Canada’s biggest city is fortunate to have two founts of clean, green, plentiful energy just down the road. One, of course, is Niagara Falls. Water diverted from the towering cataract to hydroelectric turbines has been keeping lights lit in Toronto for more than a century.
The other, less-heralded source is the two massive nuclear power plants that stand just east of the city at Pickering and Darlington. Though much of the city’s juice comes from there, most people barely give them a thought.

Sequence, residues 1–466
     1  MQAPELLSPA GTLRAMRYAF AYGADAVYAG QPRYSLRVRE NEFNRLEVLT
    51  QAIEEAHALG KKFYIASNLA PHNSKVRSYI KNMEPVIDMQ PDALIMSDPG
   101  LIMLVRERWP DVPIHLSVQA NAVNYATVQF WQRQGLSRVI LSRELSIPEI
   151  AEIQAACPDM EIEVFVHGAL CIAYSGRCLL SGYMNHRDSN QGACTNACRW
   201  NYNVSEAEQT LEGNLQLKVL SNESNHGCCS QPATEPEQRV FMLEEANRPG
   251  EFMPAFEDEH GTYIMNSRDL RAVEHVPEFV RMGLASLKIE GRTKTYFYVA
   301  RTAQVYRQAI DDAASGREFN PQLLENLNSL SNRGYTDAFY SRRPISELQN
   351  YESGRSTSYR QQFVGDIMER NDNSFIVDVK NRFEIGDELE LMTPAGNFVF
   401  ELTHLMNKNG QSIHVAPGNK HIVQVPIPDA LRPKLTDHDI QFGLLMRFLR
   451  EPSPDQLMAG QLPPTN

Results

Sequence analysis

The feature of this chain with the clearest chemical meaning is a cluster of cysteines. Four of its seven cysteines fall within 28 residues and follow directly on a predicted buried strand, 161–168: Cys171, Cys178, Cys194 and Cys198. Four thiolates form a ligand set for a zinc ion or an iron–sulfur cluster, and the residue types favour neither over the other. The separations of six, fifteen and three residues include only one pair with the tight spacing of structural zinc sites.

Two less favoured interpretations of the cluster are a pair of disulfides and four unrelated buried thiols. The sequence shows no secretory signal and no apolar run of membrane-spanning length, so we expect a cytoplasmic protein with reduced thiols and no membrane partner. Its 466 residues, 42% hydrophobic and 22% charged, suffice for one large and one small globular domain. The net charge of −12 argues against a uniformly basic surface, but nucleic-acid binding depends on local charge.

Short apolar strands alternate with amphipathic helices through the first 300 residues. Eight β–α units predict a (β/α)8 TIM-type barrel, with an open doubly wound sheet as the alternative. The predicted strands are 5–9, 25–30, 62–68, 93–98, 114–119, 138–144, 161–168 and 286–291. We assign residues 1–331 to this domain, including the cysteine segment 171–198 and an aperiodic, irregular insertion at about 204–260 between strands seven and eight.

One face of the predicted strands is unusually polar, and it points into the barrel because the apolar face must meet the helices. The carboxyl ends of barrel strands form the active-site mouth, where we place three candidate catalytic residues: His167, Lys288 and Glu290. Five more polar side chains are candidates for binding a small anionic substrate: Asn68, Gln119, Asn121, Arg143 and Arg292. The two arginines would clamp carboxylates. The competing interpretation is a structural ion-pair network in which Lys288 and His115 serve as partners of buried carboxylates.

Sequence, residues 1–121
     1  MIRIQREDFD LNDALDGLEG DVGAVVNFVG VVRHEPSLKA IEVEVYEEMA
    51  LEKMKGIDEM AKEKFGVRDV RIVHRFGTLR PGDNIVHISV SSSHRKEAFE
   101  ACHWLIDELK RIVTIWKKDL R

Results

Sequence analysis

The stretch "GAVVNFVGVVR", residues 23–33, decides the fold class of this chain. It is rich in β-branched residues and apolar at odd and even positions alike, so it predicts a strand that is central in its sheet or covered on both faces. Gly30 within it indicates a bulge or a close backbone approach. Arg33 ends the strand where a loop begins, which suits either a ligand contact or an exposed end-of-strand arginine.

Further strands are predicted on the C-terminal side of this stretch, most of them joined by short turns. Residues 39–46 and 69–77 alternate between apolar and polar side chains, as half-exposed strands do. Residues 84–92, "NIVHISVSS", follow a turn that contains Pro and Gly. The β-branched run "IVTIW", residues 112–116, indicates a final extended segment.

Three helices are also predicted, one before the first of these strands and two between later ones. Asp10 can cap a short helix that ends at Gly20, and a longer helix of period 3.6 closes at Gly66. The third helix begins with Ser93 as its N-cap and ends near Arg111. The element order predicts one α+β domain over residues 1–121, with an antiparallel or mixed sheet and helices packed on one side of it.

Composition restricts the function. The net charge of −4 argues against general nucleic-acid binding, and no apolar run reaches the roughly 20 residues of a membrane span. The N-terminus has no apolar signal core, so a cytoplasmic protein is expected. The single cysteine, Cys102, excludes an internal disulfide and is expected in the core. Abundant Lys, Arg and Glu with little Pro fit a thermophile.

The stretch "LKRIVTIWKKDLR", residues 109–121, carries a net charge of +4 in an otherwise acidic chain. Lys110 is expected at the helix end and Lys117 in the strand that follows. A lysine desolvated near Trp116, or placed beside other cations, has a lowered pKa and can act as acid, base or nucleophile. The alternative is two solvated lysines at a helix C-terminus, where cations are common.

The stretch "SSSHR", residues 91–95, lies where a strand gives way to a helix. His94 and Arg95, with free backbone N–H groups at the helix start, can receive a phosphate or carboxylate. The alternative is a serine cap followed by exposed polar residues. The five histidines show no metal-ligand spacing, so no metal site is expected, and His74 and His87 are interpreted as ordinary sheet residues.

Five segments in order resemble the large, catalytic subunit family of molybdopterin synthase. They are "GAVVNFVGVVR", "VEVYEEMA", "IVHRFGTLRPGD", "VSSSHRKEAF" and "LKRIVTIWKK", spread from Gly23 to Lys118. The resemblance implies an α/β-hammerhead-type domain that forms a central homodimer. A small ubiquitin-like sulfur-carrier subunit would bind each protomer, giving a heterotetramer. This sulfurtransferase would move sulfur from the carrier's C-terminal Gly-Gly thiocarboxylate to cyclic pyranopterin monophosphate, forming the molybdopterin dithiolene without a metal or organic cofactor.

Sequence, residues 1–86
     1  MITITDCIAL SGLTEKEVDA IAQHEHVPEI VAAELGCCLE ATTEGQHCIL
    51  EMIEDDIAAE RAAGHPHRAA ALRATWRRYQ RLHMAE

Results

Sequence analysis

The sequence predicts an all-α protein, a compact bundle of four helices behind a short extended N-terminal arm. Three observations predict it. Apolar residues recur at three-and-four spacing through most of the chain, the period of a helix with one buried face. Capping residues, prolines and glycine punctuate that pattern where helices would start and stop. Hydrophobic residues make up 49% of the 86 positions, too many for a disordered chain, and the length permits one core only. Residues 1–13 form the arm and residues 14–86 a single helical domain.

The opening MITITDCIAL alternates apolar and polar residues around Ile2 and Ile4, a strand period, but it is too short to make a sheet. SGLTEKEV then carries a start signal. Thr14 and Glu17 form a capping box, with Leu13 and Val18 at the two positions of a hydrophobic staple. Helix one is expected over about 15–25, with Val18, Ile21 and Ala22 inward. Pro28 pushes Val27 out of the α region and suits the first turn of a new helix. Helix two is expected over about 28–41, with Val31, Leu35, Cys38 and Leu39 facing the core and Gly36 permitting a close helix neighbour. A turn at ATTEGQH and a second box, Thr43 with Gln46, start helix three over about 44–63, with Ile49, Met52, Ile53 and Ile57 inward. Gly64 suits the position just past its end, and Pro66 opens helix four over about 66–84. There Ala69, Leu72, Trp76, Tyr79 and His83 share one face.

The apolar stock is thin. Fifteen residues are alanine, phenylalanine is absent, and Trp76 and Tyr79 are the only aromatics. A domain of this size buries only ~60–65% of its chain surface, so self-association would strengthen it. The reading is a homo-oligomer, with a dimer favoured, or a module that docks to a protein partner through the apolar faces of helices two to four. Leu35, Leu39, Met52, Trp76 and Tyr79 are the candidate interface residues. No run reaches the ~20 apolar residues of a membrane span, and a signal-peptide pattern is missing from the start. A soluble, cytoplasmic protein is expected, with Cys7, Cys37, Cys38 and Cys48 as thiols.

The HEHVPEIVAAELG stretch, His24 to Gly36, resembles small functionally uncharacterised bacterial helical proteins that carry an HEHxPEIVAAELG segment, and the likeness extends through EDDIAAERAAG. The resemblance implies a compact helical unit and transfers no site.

For decades now, nuclear has been the energy source that dares not speak its name. Many environmentalists still deplore it, even at a time when the world desperately needs more power that doesn’t come from burning fossil fuels. Despite its strong safety record over many years in dozens of countries, Canada included, the shadows of Three Mile Island, Chernobyl and Fukushima still linger.
Lately, though, nuclear has been getting a second look. The COP26 climate-change conference in Glasgow this month brought home both the urgency and the difficulty of converting from dirty energy to clean.
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